The key issue for mathematics education is not whether to teach fundamentals but which fundamentals to teach and how to teach them.  Changes in the practice of mathematics do alter the priorities among the many topics that are important for numeracy.  Change in society, in technology, in schools—among others—will have a great impact on what will be possible in school mathematics in the next century…To develop effective new mathematics curriculum, one must attempt to foresee the mathematical needs of tomorrow’s students.  It is the present and future practices of mathematics—at work, in science, in research—that should shape education in mathematics.  To prepare effective mathematics curriculum for the future, we must look to patterns in the mathematics of today to project, as best we can, just what is and what is not truly fundamental (p. 2).


An effective assessment program is comprised of many different assessment tools that provide a comprehensive picture of student learning.  Each different assessment provides a different perspective.  All of the individual perspectives can be combined to provide Assessyphus with an accurate assessment of the program.  Assessyphus must continually think about the movement of the rock.  Each movement of the rock, whether forward or backward, provides feedback about the attainment of program goals.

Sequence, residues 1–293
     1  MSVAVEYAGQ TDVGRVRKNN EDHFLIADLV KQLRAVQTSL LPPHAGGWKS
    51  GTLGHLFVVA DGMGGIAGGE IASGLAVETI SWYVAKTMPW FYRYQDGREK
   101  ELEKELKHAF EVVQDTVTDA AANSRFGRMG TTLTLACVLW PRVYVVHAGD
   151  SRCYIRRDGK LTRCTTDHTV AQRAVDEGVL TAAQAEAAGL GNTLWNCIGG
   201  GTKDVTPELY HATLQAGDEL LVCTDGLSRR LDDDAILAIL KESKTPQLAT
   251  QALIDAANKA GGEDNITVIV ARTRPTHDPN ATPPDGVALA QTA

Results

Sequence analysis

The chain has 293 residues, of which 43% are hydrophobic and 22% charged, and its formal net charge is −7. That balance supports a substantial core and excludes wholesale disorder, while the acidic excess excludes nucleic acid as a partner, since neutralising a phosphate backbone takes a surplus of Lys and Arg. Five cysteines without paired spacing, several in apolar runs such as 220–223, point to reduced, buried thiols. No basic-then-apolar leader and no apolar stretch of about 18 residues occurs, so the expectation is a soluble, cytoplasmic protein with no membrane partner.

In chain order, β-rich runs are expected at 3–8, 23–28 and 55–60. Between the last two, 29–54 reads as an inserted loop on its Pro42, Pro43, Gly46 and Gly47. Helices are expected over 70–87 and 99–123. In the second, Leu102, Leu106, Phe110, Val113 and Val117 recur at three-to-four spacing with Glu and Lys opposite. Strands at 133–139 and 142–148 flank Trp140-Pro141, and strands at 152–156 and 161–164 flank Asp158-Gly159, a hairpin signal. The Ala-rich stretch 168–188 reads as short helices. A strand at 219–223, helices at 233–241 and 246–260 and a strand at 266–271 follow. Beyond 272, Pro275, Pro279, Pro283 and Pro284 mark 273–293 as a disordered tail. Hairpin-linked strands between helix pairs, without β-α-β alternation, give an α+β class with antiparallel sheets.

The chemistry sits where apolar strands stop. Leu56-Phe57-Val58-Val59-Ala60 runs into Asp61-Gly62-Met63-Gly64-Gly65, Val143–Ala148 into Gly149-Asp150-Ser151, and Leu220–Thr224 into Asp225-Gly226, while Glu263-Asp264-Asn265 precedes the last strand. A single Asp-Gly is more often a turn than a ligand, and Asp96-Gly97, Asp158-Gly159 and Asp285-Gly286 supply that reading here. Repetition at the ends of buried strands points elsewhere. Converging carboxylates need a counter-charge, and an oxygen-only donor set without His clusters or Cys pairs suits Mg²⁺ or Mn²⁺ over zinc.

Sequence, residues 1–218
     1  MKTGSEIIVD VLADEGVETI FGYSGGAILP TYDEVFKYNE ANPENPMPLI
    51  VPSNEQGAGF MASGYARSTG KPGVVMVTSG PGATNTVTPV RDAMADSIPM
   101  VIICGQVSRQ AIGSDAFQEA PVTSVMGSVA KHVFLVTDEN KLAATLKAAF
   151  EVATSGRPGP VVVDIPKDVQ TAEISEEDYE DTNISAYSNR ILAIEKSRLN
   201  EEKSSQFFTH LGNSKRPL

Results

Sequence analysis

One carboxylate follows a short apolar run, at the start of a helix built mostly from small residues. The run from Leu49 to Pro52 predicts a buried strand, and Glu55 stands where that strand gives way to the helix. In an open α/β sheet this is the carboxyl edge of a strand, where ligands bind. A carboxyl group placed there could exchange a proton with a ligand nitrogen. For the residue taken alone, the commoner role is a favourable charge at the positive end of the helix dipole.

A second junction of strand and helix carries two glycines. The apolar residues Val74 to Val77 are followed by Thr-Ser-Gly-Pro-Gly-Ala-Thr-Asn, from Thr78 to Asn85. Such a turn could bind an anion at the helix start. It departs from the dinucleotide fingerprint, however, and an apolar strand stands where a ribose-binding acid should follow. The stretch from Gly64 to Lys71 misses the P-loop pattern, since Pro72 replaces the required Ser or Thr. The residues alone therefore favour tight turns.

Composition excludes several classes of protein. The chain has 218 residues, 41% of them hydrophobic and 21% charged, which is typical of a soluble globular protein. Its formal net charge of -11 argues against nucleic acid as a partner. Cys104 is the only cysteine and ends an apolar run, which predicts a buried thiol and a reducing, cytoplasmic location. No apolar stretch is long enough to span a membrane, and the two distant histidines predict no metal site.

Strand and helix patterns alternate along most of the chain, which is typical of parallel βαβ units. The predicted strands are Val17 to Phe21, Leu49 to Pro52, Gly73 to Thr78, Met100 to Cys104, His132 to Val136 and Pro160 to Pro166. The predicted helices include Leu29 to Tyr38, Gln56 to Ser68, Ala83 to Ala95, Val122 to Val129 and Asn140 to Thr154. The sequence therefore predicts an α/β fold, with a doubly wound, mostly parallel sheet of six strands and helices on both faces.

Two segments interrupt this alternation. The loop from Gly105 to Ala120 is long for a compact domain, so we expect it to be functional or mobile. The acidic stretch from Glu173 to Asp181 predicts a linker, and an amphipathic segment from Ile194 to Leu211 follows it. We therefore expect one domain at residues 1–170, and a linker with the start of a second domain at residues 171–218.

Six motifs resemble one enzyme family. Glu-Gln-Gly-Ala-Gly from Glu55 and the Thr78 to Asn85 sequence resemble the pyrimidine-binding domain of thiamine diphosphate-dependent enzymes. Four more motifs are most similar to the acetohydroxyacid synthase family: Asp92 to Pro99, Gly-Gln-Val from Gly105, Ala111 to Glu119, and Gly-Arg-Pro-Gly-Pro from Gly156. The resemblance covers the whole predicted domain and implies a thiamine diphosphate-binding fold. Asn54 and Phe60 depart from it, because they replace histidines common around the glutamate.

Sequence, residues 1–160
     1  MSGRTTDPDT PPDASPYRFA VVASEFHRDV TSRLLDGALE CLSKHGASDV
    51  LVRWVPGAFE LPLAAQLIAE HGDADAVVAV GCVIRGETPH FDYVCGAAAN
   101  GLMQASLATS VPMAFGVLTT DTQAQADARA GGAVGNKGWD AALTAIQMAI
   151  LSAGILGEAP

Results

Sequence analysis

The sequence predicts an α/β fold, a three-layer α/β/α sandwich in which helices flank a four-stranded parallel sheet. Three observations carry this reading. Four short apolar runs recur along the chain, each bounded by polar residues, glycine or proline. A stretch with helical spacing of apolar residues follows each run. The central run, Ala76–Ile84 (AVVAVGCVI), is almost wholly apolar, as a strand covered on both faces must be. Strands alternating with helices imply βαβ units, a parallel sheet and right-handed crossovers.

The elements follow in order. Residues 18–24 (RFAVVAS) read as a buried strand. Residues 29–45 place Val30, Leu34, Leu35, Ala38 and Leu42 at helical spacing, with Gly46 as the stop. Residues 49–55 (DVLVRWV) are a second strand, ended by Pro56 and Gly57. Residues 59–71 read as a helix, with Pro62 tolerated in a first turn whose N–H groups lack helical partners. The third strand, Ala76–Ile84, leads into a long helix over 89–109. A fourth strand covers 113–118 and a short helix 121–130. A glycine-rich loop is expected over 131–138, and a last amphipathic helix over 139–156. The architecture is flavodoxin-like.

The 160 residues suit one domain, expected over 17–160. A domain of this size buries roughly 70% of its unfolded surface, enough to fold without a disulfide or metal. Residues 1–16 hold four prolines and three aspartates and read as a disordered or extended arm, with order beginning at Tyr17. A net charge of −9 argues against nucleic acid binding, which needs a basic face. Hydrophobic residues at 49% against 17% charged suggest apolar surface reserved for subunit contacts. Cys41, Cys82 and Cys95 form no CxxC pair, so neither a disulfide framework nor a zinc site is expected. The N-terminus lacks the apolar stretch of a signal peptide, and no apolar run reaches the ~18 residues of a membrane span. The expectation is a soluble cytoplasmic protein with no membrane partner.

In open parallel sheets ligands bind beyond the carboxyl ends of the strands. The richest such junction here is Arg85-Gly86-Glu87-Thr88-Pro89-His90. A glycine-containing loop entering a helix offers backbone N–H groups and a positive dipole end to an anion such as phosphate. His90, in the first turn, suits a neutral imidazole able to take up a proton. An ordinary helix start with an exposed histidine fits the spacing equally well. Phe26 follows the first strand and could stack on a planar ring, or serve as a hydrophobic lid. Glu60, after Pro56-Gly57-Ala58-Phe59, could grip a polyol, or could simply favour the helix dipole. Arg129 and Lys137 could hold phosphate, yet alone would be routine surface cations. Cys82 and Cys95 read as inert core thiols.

How does Assessyphus push the rock up each hill?  Does he leverage the use of portfolios, group projects, oral presentations, graded homework, standardized tests, or other methods of assessment?  Are there existing benchmarks to compare measured data?  The methods used for measuring goals will depend on the discipline; how to determine the optimal techniques in gauging the nature of the learning involved, and then determining if the learning goals and objectives have been achieved.  Math-, science-, and engineering-based goals might be measured differently than humanities-based goals.  Both groups might want to assess how students have become critical and independent thinkers, but there are vastly different approaches in measuring outcomes.  When the rock falls back down the hill, does Assessyphus push it up in the same manner each time?  The design of experiences, their implementation, and the assessment of both the process and results are components of an inseparable system.  Assessment outcomes impact curricular decisions at the course and program level.  Similarly, the outcomes help reshape the learning environment that leads to new outcomes.